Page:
Shrewsbury Town have been at the heart of discussion. There were no shortage of fears when it was revealed EFL clubs would receive mandatory Covid testing and those fears have been realised with the news coming out of Sundorne Castle this week, and at Derby County, Middlesbrough, and Sheffield Wednesday, and even Premier League Villa.
To those individuals, as many as 10 in the Shrewsbury camp, we can only wish for a speedy and healthy recovery as the pandemic begins to take a grip on the game again – just as fans were back inside some stadia and we thought steps forward were close.
A trip to Southampton and a tie in front of an empty St Mary’s Stadium, broadcast on national television and with a lucrative sum for the club, has been canned. The game has a brief sign of life ahead in the form of an independent review into its fate. But the prospect of a new date looks slim and, if it comes at the cost of health and safety, the tie should not go ahead.
A televised third round tie at Southampton is a big deal, in times of financial hardship, for the League One club. But even an FA Cup final should not get in the way of health and safety.
Last weekend, a League One fixture was postponed after two positive cases. It felt morally wrong that a Cup tie should go ahead with the virus having ripped through Steve Cotterill’s squad at an alarming rate despite safety protocols.
What chance Southampton wanted to be involved in a Cup tie against lower-league opposition of whom a significant number of players and/or staff had contracted the virus within the last week or so? It would be no surprise at all that the Saints and Ralph Hasenhuttl were not keen to be involved.
Finally though, at least, EFL clubs and players will be tested regularly, twice-weekly after agreed PFA funding. It is outrageous it has taken this long, players deserve much better. But better late than never.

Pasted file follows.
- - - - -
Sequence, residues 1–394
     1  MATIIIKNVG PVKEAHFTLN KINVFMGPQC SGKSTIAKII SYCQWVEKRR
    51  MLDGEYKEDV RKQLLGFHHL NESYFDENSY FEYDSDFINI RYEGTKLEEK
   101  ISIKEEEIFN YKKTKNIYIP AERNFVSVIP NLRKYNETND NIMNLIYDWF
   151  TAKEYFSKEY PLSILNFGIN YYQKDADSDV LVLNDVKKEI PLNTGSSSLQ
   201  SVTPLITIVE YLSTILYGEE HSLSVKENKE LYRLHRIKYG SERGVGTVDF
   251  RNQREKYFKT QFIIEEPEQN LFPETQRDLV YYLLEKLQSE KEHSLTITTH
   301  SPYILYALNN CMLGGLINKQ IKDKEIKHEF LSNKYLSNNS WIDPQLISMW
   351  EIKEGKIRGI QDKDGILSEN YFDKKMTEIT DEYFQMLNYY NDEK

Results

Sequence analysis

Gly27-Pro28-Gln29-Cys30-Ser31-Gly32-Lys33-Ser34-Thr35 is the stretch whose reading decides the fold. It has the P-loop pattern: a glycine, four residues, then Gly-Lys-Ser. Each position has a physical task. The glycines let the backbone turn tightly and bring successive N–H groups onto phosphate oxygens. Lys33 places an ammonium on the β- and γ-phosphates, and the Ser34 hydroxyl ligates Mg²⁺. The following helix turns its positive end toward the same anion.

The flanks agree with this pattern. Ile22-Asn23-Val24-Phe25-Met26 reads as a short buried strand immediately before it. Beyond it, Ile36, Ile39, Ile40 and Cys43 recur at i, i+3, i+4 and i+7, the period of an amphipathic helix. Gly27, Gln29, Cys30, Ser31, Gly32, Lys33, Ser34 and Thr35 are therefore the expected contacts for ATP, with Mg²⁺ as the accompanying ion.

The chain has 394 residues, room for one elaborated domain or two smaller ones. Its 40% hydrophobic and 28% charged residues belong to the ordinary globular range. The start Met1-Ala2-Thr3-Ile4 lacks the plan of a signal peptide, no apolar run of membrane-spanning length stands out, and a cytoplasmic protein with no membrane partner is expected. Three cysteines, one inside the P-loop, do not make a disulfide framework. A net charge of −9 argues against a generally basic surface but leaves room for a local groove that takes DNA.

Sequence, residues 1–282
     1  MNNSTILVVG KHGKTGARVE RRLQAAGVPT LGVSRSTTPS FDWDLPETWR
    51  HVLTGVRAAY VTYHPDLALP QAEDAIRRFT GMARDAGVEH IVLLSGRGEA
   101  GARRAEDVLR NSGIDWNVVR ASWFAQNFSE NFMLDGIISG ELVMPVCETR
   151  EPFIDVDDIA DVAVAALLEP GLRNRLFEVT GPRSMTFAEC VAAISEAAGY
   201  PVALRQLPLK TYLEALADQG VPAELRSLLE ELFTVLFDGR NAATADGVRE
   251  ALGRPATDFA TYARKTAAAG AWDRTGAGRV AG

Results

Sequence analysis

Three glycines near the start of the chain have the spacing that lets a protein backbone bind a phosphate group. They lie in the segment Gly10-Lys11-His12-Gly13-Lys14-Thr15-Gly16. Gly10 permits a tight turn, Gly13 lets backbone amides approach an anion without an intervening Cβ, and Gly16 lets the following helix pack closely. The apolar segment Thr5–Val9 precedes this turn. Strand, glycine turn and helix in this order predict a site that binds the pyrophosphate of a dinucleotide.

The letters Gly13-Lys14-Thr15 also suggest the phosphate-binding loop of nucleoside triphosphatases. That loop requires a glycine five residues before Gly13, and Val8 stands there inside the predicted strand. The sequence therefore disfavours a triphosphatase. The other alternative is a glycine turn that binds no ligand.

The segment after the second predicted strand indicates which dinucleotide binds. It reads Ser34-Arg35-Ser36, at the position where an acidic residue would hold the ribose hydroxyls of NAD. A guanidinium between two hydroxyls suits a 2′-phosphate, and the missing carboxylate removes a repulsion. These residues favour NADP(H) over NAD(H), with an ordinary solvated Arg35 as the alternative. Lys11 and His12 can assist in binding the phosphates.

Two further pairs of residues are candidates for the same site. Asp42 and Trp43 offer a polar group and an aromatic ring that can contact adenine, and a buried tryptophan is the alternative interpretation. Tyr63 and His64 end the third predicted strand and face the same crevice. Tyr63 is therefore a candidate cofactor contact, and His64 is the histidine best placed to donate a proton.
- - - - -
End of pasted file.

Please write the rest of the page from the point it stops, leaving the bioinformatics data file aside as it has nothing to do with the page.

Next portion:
Leadership and clarity from the Football Association on the situation that unfolded this week has left a little to be desired. So far, the lack of a solution has been ominous.
It is difficult to be too critical of the governing body. We are in unprecedented times and this stage of a competition, mixing so many divisions from one nation, not played out in a Covid world before – but the clarity of coronavirus-affected rulings could have been better.
It was unclear, as per competition rules, what the requirements were for a club to not fulfil the fixture.
Reports circulated just days before Shrewsbury’s breakout that revealed clubs should play ties if they have 14 players available. There was no mention of that in the rules.
Then, on the back of Salop’s significant spike, information emerged that competition bodies may consider a postponement and subsequent new date – if it can be agreed between clubs – to give the fixture another chance.
Town’s tie will be decided by a Professional Game Board, who are meeting on Monday and Tuesday next week. The same board met to address Shrews’ application of not fulfilling the fixture.
The fact that, heading into next week – after the initial tie should have taken place – both clubs are still unaware of the outcome strikes as rather painstaking and a bit of a debacle.
It might be painful for Shrewsbury, but if the tie does not fit into the already crammed schedule, with no sign of the spike easing and training grounds shut for 10 days, then they will have to forfeit their place.
That is desperately unfortunate, both from a competitive and financial aspect, but it may be the only option left on the table.
But Salop fans will be right to argue about Derby sending their academy team to Chorley this weekend. Likewise Villa could be forced to field their kids against Liverpool tonight after Bodymoor Heath was shut down with senior players isolating.
It is not known whether Town were asked or considered sending a group of under-18s and academy staff to Premier League opposition. But that would have been a farcical situation. With all players isolating, Shrewsbury said they could not fulfil the tie.
However, the FA must urgently clarify the situation with Derby and, perhaps, Villa, and the likelihood of others, being offered the opportunity to continue in the competition – and not forfeit their place – despite outbreaks.
Shrewsbury may have to take their medicine and the unfortunate luck and timing with this case, but they should not be punished for being a small fish in among the ocean of English football’s elite – and the governing body must ensure it is one, clear rule for all.